The fashionable amendments to coats are largely dictated by who is purchasing them. With this in mind, Wong offered ideas for coat wearers of all ages. For adults, she suggested a classic look. "A reputable company with many years in the business might prefer a classic style in a work-appropriate color," she said. "The neutral colors and understated design of [a classic] jacket paired with a logo decorated on the left chest will appeal to this market." Newer, youth-oriented companies are likely to choose more flashy styles. "A start-up company geared towards younger end-users might lean towards … a hooded pullover constructed of 100 percent SoftCool," said Wong. Brightly colored hoodies with features like a quarter zip, drawstring and cord locks and a kangaroo pocket in front are good for young end-users. "A logo can be placed across the front of the chest, or for a bit of an edge, on the back between the shoulder blades, right underneath the hood for a surprise, peek-a-boo effect," added Wong.
Male vs. Female
Though most outerwear sales go to seemingly male-dominated industries like agriculture, female fits are still important. "As women comprise nearly half of the workforce, gender-specific specs have become the expectation," said Parker. Separate male and female styles may seem like more trouble and expense than the unisex styles of the past, but Wong argues end-users appreciate gender-specific styles. "Women and men alike do not want the garment to compromise on performance abilities while achieving style, so it is important for both genders to have modern and fashionable outerwear they can depend on," she said.
Companion styles are still available just with slight alterations for each gender. "Another consideration when designing for both men and women is styling that can be differentiated with subtleties like top stitching, seam widths, branding and trims," said Parker. These subtleties can be length, waist cinching and other form-flattering aspects as well. Wong noted that the most popular style for women is longer length. She gave two reasons. "Number one, it keeps them covered up when reaching for items or for playing sports, and number two, a longer length elongates the torso and is simply more flattering," she explained.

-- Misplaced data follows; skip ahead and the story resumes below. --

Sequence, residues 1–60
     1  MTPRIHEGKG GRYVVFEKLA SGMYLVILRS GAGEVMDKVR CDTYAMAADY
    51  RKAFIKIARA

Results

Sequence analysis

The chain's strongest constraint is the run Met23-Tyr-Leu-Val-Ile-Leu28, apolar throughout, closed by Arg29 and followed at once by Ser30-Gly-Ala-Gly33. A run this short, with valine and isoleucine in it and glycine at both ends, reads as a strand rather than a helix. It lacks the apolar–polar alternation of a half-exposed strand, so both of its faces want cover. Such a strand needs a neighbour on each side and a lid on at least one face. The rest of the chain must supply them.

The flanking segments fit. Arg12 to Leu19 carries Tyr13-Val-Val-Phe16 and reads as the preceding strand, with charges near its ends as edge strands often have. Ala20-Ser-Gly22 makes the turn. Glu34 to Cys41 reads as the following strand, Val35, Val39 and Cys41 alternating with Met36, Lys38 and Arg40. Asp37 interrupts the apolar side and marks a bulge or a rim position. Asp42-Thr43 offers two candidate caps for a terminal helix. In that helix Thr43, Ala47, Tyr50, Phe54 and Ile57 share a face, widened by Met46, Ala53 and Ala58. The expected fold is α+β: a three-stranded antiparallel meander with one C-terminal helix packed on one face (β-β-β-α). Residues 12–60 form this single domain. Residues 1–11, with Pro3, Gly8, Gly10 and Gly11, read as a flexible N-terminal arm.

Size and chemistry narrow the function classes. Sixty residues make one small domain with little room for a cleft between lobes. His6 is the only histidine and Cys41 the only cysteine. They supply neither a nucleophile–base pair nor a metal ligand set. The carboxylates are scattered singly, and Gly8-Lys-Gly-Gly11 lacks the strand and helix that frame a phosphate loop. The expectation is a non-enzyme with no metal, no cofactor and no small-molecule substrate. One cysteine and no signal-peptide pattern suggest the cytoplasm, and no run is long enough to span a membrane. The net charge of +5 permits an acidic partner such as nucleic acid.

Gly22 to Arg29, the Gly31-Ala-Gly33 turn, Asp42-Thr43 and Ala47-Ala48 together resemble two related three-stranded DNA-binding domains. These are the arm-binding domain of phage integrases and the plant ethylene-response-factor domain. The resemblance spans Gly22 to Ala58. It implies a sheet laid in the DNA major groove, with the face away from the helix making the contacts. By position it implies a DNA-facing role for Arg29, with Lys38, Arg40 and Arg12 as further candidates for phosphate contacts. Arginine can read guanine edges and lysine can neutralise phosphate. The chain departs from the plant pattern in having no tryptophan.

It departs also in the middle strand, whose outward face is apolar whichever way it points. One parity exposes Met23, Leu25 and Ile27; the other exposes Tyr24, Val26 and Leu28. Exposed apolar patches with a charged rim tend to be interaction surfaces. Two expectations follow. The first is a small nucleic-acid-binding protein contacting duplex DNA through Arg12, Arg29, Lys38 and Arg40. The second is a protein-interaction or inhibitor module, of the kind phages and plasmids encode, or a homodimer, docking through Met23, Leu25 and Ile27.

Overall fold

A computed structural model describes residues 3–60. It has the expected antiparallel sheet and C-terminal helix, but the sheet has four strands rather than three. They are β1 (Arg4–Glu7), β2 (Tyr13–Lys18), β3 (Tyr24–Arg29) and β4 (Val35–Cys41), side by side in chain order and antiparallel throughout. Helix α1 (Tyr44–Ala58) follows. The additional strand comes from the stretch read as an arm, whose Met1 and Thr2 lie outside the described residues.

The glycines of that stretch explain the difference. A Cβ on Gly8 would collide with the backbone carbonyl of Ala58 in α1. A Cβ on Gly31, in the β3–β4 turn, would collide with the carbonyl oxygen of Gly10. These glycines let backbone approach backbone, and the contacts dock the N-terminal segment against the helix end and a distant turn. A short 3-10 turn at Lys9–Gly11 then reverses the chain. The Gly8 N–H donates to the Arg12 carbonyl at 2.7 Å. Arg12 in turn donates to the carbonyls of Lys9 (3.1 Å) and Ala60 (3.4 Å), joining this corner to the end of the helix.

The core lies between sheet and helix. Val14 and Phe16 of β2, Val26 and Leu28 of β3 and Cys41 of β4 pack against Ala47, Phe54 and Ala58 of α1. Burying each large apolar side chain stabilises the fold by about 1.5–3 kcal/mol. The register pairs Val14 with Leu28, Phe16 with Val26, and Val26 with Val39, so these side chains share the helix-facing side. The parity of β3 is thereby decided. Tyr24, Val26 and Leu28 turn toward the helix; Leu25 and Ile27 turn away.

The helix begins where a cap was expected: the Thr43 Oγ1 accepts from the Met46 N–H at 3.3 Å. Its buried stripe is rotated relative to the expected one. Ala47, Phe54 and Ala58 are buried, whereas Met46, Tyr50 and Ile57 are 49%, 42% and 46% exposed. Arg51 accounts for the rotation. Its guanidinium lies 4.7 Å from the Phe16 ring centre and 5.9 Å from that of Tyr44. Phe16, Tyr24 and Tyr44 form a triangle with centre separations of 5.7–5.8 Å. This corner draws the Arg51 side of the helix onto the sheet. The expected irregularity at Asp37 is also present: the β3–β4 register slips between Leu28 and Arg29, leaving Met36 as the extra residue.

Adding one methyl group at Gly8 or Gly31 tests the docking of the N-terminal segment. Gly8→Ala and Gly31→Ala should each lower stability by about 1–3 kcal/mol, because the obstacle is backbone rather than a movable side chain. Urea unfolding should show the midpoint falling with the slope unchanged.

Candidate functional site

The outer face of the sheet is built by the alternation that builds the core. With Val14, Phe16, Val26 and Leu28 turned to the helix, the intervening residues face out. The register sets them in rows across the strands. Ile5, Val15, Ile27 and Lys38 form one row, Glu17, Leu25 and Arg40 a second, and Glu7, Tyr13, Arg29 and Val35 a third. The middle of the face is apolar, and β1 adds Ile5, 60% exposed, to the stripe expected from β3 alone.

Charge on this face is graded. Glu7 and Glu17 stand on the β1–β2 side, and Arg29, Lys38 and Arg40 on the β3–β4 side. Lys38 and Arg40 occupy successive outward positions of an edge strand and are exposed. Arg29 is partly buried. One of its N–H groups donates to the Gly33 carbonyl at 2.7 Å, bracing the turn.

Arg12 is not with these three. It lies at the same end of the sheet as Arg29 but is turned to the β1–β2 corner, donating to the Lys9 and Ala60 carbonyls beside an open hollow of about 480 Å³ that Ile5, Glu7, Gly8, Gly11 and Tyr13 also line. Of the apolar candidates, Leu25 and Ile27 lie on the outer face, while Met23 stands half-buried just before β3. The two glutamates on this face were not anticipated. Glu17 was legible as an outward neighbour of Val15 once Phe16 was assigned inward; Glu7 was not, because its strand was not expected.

Cold Weather Trends
Wong and Parker named a few trends for the late 2011 and early 2012 outerwear season. "I predict that 'less is more' for this upcoming season," Wong stated. She mentioned a trend of piping over the usually popular color blocking. "Piping is safer and can satisfy a variety of end-users. Color blocking is still favored, but nothing too flashy or geometrical (too reminiscent of the 80's and 90's)," she explained. As for what that color blocking and piping will go on, Parker says soft shells. "Soft shells will continue to be the forerunner for the upcoming cold weather season," she said. "Soft shells are now available with varying degrees of performance for every kind of user." Parker added that soft shells are preferred because they have the look of a performance jacket without the higher price point.
Wong also mentioned a perennial trend to be mindful of: electronic additions. "Outerwear with a media pocket (a pocket with holes for the ear pieces to go through so the wearer can easily access their device) is also on the rise due to the gaining majority of people owning smart phones and MP3 players," she said.
In addition to capitalizing on trends, getting the most out of your jacket orders involves bundling. "To maximize any jacket sale, it is important to suggest a cap or knit hat," said Parker. "Hats are a smaller investment, but have maximum marketing punch in terms of corporate identity and number of brand impressions." Ultimately, it is about showing your clients and their end-users why those jackets, hats, gloves, etc. are necessary to improve their professional and personal lives. "Selling any kind of apparel to the promotional products market, it is important to convey lifestyle, to paint an image of how the item can be used in everyday life," said Parker. "Make it relatable to the customer's goals and the sale will come."